11 investigate land options for the garden. There are a few key points to consider that will help direct the search for land. First, it is important to consider a number of parcels as potential garden sites. This point is essential because not all of the sites that look promising will work out. There are a number of issues that can make an otherwise ideal piece of land inappropriate. The soil could be contaminated. The surrounding neighbors may not want a garden on that site. Or there may be no water access and the cost of installing a meter too high an investment. Therefore, it is a good idea to consider several sites from the beginning so as to avoid frustration and disappointment. Several sites will increase the chance of obtaining land while the Planning Committee is still enthusiastic about the project. When searching for land, the question Who is the garden for? should be kept in the back of everyone s mind. The location of the garden should be near the population it is being created for. If the garden is being created for a particular neighborhood then, if possible, it should be located centrally and within walking distance of most of its residents. Public transportation and proximity to bus routes should also be taken into consideration. The closer the garden is to its gardeners, the more attention it will receive and the stronger the sense of pride and ownership will be among community members. This last point is essential for the sustainability of the garden. The investigation for land can begin once the Planning Committee has considered the points above and defined the area within which they will conduct their search. Every open space that typically goes unnoticed, every vacant parcel, every park and patch of grass will become the focus of the investigative eyes of the garden planners. This is when the envisioning stage begins to mingle with the tangible reality of unused land. We all become planners in this stage, assessing each piece of land for its latent potential as a community garden. Using the Site Assessment Criteria and Selection Process listed below, the viable lots can be selected and inappropriate lots removed from the list. Site Assessment Criteria and Selection Process The purpose of a site survey or site analysis is to aid the garden designer in determining where to place the proposed features of the garden. Before deciding where garden components should be placed it is important to have surveyed the area and diagrammed permanent features of the area that already exist. Some of these features are: sunlight, shade (trees & structures), soil, topology (cardinal directions, slope & drainage), water access or sources, visibility, and access (fences, parking, traffic patterns, roads & sidewalks). The initial site survey drawing can serve as a record of how the garden has changed over time. To create the initial site survey one needs the following items: 1. Graph paper on clipboard for hard writing surface 2. Pencil & Eraser 3. Tape Measure 4. Template for drawing rectangles, circles, etc. 5. Wooden stakes and string (to help with measurements and site layout) 7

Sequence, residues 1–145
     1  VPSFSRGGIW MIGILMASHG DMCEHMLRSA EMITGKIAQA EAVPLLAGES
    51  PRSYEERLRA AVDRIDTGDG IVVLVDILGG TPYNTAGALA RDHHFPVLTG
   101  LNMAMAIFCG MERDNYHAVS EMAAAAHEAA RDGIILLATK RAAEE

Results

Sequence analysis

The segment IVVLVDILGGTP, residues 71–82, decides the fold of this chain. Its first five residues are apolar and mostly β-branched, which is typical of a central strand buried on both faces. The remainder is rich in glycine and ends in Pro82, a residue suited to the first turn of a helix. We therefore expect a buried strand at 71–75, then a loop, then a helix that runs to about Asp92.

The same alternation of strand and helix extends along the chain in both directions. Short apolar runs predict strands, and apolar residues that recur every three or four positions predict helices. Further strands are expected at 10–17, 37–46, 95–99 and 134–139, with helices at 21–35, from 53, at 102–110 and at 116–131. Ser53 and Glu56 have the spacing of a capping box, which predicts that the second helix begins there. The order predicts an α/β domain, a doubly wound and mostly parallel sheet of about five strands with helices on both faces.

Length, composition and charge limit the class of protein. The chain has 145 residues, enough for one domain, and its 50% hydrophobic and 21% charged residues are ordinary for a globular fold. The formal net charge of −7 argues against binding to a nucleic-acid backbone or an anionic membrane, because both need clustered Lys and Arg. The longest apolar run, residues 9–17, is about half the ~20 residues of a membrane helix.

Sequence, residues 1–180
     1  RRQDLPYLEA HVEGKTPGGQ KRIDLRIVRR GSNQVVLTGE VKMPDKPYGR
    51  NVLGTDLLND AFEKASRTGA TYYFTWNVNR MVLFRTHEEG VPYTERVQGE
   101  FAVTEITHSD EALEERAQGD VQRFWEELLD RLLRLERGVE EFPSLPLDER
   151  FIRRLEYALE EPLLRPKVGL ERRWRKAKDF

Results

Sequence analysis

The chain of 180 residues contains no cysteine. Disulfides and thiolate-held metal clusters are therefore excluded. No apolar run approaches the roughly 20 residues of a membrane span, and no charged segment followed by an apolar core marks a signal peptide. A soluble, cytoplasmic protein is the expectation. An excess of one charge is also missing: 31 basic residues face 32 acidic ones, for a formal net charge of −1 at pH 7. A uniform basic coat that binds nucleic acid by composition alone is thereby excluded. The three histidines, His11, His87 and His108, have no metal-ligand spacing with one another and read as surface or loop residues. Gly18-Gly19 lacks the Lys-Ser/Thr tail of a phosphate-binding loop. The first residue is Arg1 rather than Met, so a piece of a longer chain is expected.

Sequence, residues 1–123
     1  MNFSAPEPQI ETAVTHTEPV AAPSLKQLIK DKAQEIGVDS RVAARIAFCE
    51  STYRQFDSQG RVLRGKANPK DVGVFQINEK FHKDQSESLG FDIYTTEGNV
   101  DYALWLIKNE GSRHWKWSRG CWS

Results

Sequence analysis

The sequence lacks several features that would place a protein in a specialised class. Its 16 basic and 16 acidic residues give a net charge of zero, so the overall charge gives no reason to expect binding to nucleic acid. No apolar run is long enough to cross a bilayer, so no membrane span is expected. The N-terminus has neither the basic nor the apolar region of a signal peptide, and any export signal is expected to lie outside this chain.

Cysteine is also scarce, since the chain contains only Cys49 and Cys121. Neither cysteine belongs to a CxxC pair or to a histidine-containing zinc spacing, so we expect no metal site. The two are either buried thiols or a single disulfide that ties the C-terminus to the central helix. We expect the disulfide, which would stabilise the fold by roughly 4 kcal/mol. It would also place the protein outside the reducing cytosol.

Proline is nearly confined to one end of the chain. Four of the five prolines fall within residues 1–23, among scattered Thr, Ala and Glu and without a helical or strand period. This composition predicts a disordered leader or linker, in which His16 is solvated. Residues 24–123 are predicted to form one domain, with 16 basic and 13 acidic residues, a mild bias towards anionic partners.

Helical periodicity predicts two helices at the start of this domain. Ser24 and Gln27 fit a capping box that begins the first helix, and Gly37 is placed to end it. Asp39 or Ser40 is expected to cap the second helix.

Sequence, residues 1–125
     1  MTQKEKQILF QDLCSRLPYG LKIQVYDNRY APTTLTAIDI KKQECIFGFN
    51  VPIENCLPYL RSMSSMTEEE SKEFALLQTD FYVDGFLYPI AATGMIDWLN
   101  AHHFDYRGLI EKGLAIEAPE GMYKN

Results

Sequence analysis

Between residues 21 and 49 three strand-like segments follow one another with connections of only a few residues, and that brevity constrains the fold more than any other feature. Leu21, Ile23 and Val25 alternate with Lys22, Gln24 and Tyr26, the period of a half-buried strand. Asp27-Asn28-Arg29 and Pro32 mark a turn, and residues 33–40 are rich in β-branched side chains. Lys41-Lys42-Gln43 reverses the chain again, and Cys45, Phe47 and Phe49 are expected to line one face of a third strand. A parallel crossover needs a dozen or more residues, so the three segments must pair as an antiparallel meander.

12 The first step is to make a rough drawing of the garden area. Then, measure the length, width and diagonals of the garden. Use permanent reference points such as existing fences, roads, building, or utility poles to help in marking or surveying the garden boundaries. Note on the rough drawing: permanent features, slopes and slope directions (these may cause drainage or sunlight issues), boundary lengths, trees (to keep & to be removed), water source (existing) and shaded areas. The next step is to use the notes and rough drawings to create a scale drawing that is oriented with North at the top of the drawing (helps in orienting the site layout for optimum sunlight exposure). Be sure to make photocopies of scale drawing so you can sketch different site layouts without having to redraw the scale drawing of the site. If the garden has significant slopes or valleys, side elevation drawings of these sloping areas should be produced showing elevation of the slope at various intervals. Also, be sure to mark any wet areas in the garden for possible use as rain gardens, ponds or borders. The preliminary site assessment is a general evaluation of a parcel of land s potential as a garden. Though there are a lot of things to consider, this initial evaluation only requires a quick visit to the site to determine if the following basic points make the site a candidate for the garden. Sunlight Most garden vegetables require full sun (at least 6 hours of direct light). Generally this requires good southern exposure, so if there are tall trees or large buildings along the south end of the site you will want to look elsewhere. If you can, observe the site in the morning and afternoon to determine whether or not it receives adequate sunlight. Remember, deciduous trees viewed in the winter will create more shade come spring when their leaves emerge. Shade On a sweltering August afternoon, thirsty and exhausted gardeners will need somewhere shady to relax and enjoy the garden atmosphere. Look for trees as an excellent source of shade. Placing benches or picnic tables underneath them creates a place where gardeners and community members can rest and enjoy the garden surrounding in comfort. Soil Finding land with good soil in an urban setting can be challenging. The good news is that even if the soil is not ideal (generally sand in Florida), there is almost always something that can be done to improve it. When assessing the soil quality there are a number of characteristics to look at. These include: soil ph, soil texture, compaction, drainage, the depth of the topsoil, nutrient levels, and the presence of heavy metals or other toxins from previous land use. The preliminary soil assessment will not necessarily rule out any piece of land because most soil characteristics such as ph, structure, compaction, topsoil depth, and nutrient levels can all be improved with a little work. The initial soil assessment more than anything will give you an idea of what inputs (labor, resources) you can expect to contribute during the development stage. The ultimate determinant for a soil s viability for gardening is the presence of high levels of heavy metals and other contaminants. After the initial assessment is complete and the landowner has been contacted, a detailed analysis of a soil s nutrient, ph (can be conducted by taking a 8